The New Calculus of Western Energies
Farmers in the fertile Northwest increased their cultivation rapidly and a surplus of grain and livestock quickly appeared. The growth of cities and the development of a technologically sophisticated transportation system soon took Western farmers out of the primitive economy of subsistence agriculture and placed them in the context of larger industrial and market forces. Steam power--in factories, steamboats, and railways--transformed the older western cities, created metropolises such as Cleveland and Chicago, and suggested that the yeoman farmer could no longer compete with urban industrialists and merchants. Western observers like Timothy Flint and Caleb Atwater marveled at Fulton's snorting steamboat and heralded it as an invention which would help to commercially unify the nation, but were slow to comprehend the implications of such technological change for the agrarian ideal. Writers for Eastern magazines surveyed the World' s Columbian Exposition at Chicago in 1893 and noted with surprise that the West had urbanized and industrialized practically overnight.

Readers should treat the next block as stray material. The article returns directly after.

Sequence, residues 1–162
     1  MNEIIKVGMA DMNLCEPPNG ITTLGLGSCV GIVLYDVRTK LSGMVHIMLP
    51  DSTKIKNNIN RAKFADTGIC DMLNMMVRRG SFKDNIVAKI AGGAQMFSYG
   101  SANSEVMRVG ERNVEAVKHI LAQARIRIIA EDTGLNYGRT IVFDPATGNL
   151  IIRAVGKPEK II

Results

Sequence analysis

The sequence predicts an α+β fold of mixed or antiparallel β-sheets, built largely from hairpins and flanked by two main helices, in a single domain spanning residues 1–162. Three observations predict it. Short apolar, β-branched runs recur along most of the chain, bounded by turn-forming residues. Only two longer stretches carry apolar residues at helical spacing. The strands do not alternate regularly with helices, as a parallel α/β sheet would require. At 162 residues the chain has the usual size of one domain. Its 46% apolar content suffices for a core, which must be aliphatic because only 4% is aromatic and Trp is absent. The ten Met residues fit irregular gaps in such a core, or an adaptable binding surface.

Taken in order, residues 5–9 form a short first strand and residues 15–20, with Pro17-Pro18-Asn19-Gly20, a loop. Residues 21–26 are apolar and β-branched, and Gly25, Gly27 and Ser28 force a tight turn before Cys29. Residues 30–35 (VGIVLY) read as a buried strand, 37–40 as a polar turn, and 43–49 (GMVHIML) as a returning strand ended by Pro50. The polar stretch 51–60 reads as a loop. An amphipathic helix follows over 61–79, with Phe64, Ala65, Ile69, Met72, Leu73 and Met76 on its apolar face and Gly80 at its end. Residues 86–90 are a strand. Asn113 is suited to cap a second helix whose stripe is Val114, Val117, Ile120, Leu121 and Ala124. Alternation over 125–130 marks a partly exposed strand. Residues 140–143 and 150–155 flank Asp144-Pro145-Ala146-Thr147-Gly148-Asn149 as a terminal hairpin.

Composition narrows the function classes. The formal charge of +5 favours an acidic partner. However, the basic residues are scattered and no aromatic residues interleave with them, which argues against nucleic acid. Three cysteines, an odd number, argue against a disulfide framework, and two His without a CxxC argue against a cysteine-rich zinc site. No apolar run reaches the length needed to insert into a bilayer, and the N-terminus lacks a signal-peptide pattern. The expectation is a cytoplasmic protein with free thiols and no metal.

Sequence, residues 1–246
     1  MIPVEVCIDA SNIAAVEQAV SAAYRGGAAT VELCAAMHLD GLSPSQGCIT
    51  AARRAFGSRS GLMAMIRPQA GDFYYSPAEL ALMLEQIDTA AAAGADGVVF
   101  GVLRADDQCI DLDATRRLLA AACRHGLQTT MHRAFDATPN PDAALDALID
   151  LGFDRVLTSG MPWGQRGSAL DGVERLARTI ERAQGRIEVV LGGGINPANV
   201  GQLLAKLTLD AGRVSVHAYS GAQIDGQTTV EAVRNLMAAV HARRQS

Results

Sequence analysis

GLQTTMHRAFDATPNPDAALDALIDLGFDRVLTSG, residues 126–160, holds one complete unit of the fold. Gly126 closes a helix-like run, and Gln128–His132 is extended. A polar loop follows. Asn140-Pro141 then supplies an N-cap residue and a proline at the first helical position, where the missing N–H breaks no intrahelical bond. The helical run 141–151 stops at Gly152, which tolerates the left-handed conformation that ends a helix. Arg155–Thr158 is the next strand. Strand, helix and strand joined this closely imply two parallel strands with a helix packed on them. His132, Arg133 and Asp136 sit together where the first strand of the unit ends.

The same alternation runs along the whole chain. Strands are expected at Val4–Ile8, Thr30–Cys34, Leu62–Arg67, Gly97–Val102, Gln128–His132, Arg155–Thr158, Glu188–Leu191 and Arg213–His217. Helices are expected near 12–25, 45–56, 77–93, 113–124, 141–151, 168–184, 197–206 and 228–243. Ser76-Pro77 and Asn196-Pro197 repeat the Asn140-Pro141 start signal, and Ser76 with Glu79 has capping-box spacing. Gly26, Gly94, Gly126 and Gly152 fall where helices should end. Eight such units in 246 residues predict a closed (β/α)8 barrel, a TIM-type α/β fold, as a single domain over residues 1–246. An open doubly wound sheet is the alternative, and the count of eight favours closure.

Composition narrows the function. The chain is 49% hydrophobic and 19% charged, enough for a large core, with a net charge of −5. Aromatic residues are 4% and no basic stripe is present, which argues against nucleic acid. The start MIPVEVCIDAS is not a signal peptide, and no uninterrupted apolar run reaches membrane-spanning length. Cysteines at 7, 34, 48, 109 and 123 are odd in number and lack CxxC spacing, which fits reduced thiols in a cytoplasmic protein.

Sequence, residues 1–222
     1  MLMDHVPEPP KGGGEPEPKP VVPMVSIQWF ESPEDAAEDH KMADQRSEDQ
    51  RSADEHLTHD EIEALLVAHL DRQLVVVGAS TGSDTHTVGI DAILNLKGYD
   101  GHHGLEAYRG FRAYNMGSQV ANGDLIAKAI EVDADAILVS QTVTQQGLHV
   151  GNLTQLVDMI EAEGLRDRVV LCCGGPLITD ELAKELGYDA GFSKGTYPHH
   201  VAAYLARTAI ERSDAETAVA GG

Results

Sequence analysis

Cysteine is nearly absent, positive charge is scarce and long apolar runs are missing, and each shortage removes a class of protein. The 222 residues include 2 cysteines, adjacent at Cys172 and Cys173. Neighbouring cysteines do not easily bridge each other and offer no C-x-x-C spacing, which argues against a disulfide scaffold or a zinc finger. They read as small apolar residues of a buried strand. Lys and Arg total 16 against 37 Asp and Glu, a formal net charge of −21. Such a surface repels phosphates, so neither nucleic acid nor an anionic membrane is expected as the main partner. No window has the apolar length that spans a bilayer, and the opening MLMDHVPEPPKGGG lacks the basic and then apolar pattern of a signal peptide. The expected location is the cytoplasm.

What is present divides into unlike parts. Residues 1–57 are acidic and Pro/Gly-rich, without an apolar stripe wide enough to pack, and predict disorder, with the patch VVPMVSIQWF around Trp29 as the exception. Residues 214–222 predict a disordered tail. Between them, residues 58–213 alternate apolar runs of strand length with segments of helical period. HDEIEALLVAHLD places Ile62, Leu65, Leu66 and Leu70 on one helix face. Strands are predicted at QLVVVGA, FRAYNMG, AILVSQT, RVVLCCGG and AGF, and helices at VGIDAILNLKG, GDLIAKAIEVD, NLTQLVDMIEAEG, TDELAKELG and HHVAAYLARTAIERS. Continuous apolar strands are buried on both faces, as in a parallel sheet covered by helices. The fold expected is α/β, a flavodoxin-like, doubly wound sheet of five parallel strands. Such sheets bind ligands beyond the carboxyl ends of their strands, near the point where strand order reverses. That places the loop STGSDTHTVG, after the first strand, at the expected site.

Between 1843 and 1861, Jessup W. Scott, editor of the Toledo Blade, wrote numerous articles for Hunts' Merchants' Magazine and DeBow's Review which focused on the forces of trade and industry--rather than agriculture--as the dominant influence in the development of the West. Scott suggested that steam transportation invalidated the old belief in maritime commerce (a vestige of the mercantilist ideal of the previous century) and pointed to an urbanized and industrialized West. The economic development of the Mississippi Valley represented for Scott the climactic epoch in American (even universal) history: it would integrate the country's commerce and unify its citizens.
National unity was certainly important to the theoretician of Manifest Destiny, and the Lincoln- Douglas debates of 1861 featured pleas by both men for the joint, technologically- driven development of the Interior Valley--the "body" of the Republic between the Alleghenies and the Rockies. Lincoln and Douglas both believed in the Mississippi Valley as a physical and transcendent fact which demanded union on behalf of the continent itself. It was this notion of a geographical imperative for union which informed Lincoln's address--more than a year into the Civil War--to the farmers of the agricultural Northwest: he urged them to oppose any negotiated peace for the independence of the Confederacy because it would likely obstruct their access to markets and subject them to strangling trade regulations.